Comparison Is a Thief, and It’s Business Partner — Social Media — Isn’t Any Better

Photo by Tim Mossholder on Unsplash

I’m just going to say it: comparison is a liar. It is a thief to work alongside our monsters and tell us, You should be ashamed of who you are because who they are is so much better.

But is that the truth?

Why are we so quick to ruminate on what comparison feeds us, yet so slow to put up a fight and question the notions convincing us you must…you should… only if…maybe one day…maybe never.

Perhaps it’s the glamorous view of social media to keep us stuck, validating the insecurities comparison whispers.

Whether or not your feed is full of memes, wellness inspiration, food recipes, family photos — each play a role in our psychology — how we see and think about ourselves.

Social media and comparison profit off of each other. Social media pulls the strings to get our attention with content that will stop our scrolling and transform us into pure obsession mode, and comparison piggybacks off the obsession to highlight our flaws and keep us coming back for more.

Both run highly successful businesses.

Especially during a global pandemic where people are even more isolated than before. In fact, shame is another business partner of these two.

I had a chat with a stranger yesterday. Since I just published by first book, she wanted advice on the route I took and what the experience was like.

Before our phone call, I made sure to give her the classic social media stalk because comparison, of course, told me I needed to make sure I was qualified to do that. So, it sent me to the dictator of worthiness which we all know is Instagram.

Within seconds, I talked myself out of the phone call. Her feed was clean and bright. She got hundreds of likes on every post. Her coaching business was official, and her website even more immaculate than her feed.

Comparison asked me, What is someone like her going to learn from someone like you?

It turns out, we both had much to learn from each other. It turns out, comparison lied and revealed itself as the thief we are all too quick to believe.

And social media too, uncovered itself as fiction — based on true events (maybe)— but certainly not fact.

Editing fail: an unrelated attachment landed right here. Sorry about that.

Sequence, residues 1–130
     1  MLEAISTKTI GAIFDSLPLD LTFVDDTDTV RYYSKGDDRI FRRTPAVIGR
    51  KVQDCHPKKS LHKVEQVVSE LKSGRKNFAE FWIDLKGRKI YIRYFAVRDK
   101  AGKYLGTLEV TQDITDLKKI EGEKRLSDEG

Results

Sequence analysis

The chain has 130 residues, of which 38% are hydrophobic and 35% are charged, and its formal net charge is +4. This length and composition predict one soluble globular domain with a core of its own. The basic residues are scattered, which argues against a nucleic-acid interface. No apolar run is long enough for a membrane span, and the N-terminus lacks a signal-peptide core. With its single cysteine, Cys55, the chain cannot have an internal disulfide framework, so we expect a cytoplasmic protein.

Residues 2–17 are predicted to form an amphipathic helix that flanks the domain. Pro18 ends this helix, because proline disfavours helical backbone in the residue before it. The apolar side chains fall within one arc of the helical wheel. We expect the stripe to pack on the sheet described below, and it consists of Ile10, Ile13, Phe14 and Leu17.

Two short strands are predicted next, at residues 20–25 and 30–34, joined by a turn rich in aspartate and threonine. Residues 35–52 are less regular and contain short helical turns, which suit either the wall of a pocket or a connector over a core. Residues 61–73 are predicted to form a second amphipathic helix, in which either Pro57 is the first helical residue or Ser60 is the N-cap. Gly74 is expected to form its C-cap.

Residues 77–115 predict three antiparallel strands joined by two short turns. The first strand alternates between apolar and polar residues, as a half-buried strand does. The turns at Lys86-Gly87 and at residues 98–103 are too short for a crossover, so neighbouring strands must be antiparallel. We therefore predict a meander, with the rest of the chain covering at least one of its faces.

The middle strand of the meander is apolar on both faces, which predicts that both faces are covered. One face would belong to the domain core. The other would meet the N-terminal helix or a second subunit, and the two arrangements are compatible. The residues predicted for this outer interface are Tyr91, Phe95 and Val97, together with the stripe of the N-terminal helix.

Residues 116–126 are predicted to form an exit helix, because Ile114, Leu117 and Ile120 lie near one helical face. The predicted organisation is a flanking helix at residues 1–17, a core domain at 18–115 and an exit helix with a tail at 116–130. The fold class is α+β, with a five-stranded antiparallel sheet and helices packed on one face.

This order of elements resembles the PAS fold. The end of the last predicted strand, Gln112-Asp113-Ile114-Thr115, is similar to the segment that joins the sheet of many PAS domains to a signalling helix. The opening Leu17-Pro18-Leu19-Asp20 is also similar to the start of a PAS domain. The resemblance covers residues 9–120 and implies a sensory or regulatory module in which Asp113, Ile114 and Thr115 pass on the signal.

When I talked with my new friend I learned she isn’t the person comparison and social media told me she is.

I quickly saw she has her own insecurities too, and she was asking me for advice because she wanted to do this big thing that scared her and I had just done that very thing.

She said, “In a way, I feel I’ve been procrastinating on what I really want to do, which is being an author and speaker.”

I told her it was funny she mentioned that, since I feel similarly, only I’ve been procrastinating on being a coach or mentor.

We both were doing what the other aspired to do, yet both of us felt stuck.

In the waves of vulnerability, comparison and social media lose all power and their deceitfulness becomes known; their storytelling, laughable.

My new friend said she was hesitant to call herself a coach since she isn’t certified. Then, she made it clear she still works a 9–5, even though I was positive she coached women full-time.

Suddenly, what scared me in the beginning lost all power and I felt free.

In Good Enough, I write that, “Vulnerability opens the door to healing and through healing we start to taste freedom.”

To overcome the madness of comparison and social media, we must talk about the roadblocks in our way; our insecurities, our assumptions — and yes — our fears.

Vulnerability keeps you living in the present, unlike comparison and social media. Their goal is to keep you living in the future. Always striving for the next best thing and relying on them to tell you when you’ve “won.”

But there is no finish line with comparison and social media. They will always drag the race out longer and longer, until you are lying face down on the track, exhausted and upset you fell for their nonsense once again.

The next time comparison invades, ask yourself these five questions:

  1. What accomplishments have I already achieved?

Oh, and while you’re at it, give yourself a break from social media. Go on a walk, take some deep breaths, and remind yourself you’re a unique badass with our own path and purpose.

To end, I want to leave you with a beautiful quote from Amy Morin. In 13 Things Mentally Strong Women Don’t Do, she writes:

It’s easy to think someone has a great life from the outside, but you never know what sort of battle they’re fighting on the inside. It’s not fair to compare the way your life really is to the way you perceive someone else’s life to be…Life isn’t a competition. Trying to outshine everyone will drain your mental strength. When you give up comparing yourself to other people you’ll be free to focus on your best effort. You won’t feel threatened that other people are somehow going to beat you.

Author of Good Enough. Writing about physical, mental, and spiritual wellbeing in the most transparent way possible. Get my book here:

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